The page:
His was a vision like no other before and nary a one after.
Each time I’d go visit my mom in the old neighborhood, I’d take a walk down to the docks, passing the huge white Bush factories. I loved to fantasize what the genius of Wright would have done with the old buildings. I’d imagine lofts and tiny shops skirting the shore, enormous windows facing the narrows, the views of Lady Liberty, the harbor, the waterway leading out to the sea.
I still love to daydream of what could have been … what was.
The building, in the Sunset Park area of Brooklyn, was the last in a row of three houses, adjacent to the Greek Diner. These houses were cold flats where the current owners resisted installing radiators for heat or converting the old coal stoves to gas. The fronts of all three houses called “airy-ways,” were enclosed in ornate wrought iron fences. The windows looked out at a giant white factory across the street.
Across the trolley tracks, across the alley and reaching down three avenues, Bush Terminal Factory District spread like giant tentacles along the docks of downtown Brooklyn, creating jobs for thousands of blue-collar workers. The women sewing piecework in long lines on factory floors, heads bowed and backs bent. The men loading and unloading the countless ships from all over the globe arriving to the ports of New York, the longshoremen.
The docks and the Bush buildings remained for decades, abandoned like unwanted children, only to become the center of controversy. The center of a zoning battle to restrict the number of stories the developers can built up. The original plans would have blocked the beautiful vistas from Sunset Park and Owl’s Head Park. The vista along the Narrows that stretches from downtown Brooklyn, adjacent to the Belt Parkway, under the Narrows Bridge and moving out to sea.
Progress wants more tall buildings to block the sun and ruin the landscape. Progresss hasn’t done enough damage. It wants to see how much more it can exact from the land before it implodes.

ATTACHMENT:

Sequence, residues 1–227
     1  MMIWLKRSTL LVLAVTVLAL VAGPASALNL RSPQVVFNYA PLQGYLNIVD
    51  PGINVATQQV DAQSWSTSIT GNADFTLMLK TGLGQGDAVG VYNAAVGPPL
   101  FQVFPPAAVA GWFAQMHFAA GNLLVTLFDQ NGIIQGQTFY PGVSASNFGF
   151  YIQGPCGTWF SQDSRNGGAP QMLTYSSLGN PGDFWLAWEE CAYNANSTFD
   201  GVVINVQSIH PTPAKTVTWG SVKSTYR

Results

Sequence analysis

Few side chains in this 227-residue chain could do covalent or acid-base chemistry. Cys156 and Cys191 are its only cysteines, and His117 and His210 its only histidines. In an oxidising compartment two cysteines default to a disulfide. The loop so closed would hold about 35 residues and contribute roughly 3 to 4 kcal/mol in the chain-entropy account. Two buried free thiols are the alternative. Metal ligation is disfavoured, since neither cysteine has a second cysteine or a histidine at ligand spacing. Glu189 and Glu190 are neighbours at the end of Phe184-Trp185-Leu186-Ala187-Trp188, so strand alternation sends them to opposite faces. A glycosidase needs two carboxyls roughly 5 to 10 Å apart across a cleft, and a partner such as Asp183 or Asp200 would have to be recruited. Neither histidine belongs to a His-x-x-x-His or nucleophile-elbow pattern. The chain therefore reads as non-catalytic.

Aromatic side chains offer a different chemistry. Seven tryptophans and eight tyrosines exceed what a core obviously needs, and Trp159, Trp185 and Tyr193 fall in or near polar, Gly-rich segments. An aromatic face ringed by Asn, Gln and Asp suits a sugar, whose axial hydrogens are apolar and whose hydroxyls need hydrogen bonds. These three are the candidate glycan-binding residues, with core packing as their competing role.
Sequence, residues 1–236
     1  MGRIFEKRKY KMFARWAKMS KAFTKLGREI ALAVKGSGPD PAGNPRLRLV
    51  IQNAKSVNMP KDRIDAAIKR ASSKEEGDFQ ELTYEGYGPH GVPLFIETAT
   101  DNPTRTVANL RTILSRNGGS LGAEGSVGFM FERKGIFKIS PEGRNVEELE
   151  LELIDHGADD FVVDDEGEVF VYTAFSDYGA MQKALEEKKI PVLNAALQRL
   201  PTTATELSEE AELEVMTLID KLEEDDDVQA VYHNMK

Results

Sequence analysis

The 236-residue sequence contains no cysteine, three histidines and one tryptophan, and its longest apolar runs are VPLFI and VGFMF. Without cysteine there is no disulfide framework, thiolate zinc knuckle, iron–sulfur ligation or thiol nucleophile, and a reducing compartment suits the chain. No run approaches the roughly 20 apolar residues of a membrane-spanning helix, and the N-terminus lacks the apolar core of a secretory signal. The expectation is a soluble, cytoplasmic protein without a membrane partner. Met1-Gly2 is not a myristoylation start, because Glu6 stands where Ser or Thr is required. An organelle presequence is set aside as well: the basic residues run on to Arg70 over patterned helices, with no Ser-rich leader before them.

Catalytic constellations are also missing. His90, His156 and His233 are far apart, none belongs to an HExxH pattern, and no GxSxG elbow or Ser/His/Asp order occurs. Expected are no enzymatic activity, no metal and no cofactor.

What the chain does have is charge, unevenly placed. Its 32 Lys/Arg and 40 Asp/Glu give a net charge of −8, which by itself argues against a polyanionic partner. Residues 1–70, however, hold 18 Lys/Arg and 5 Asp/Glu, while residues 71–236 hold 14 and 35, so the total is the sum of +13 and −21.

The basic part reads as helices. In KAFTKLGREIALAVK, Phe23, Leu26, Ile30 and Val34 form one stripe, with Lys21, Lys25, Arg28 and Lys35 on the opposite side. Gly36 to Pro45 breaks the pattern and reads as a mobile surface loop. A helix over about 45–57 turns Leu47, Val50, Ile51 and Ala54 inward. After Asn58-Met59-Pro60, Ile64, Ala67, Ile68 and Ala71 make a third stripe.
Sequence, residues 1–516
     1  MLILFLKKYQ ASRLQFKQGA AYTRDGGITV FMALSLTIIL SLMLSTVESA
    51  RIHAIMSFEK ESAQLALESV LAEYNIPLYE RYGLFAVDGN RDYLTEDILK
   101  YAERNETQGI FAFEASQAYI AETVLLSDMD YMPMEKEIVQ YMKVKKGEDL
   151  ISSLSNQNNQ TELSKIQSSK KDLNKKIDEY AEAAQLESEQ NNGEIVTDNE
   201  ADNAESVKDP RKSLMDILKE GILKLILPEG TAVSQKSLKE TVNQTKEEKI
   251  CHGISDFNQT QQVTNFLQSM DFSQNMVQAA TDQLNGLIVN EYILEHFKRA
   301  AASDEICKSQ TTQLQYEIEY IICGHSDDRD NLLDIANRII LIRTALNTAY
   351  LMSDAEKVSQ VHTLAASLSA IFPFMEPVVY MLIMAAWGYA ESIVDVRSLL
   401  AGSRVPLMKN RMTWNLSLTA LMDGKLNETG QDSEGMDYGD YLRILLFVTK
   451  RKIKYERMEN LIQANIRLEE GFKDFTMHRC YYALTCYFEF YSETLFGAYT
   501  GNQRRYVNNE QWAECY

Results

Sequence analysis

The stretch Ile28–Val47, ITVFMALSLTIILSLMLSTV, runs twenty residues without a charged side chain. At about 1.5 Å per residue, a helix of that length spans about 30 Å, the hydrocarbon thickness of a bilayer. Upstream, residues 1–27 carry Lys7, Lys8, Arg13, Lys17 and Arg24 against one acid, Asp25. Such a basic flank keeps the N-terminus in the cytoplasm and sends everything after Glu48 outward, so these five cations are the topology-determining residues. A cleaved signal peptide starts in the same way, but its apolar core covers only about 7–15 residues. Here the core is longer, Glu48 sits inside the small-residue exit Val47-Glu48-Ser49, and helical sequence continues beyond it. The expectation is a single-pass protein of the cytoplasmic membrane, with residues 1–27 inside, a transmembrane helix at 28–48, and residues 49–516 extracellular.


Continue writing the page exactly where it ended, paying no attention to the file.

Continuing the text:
Ironic. We thought we grew up in a slum. Now progress has found the small row houses on 39th Street and the areas of Lower Sunset Park near the waterfront and wants to install fast food chains and factory outlets for cheap shopping.
Someone out there still believes we can shop our way out of economic crisis.
It was the Brooklyn Garment Center, the hub of activities, the inside of an intricate bee hive, alive and buzzing, producing sweet freedom for thousands of immigrants. It was for decades the gateway to middle-class. With its demise we would witness the end of an era.
The battle raged for years, and happy to say, the developers lost.
While some of the abandoned factories are being cordoned off as writer’s lofts, and others for games like paint ball fighting, the proposed sites for outlet shopping has been restricted.
The views for a change won out.
With all the assaults on our beautiful blue planet, nature endures. It cannot be conquered or completely eradicated by man and machine … and for that I am grateful.
Think about the town or city, hamlet or farmland where you grew up. How much of it still stands today? How much of your childhood remains should you be so inclined to revisit those good-old-days?
There are dozens of neighborhoods in Brooklyn that have changed so much that if I were dropped in by parachute, I would not know where I was … regentrified to the point of desiccation, the Brooklyn of my childhood has vanished.
Entire beach communities, my beloved Coney Island, and the areas above and below Sunset Park, are no longer as I remember. It reminds me daily that the man was spot-on … you can never go home again.
And what developers did not vanquish, Hurricane Sandy blew to dust in the wind.
Yet I can still walk to the circle by the flagpole, the highest point in Sunset Park and enjoy the sun setting into the bay. The vistas from my park and Owl’s Head Park remain … one small victory against the battle of time.
What part of your childhood has remained the same?
What part have you lost?
fOIS In The City
Note: The photographs of Sunset Park and Brooklyn came to me years ago from a now defunct blog. Like the credit above, many photographs and cartoons, and a bag-full of Maxine come to me from the same “third party” sources. Thanks to all who continue to post her and dozens of others for our enjoyment.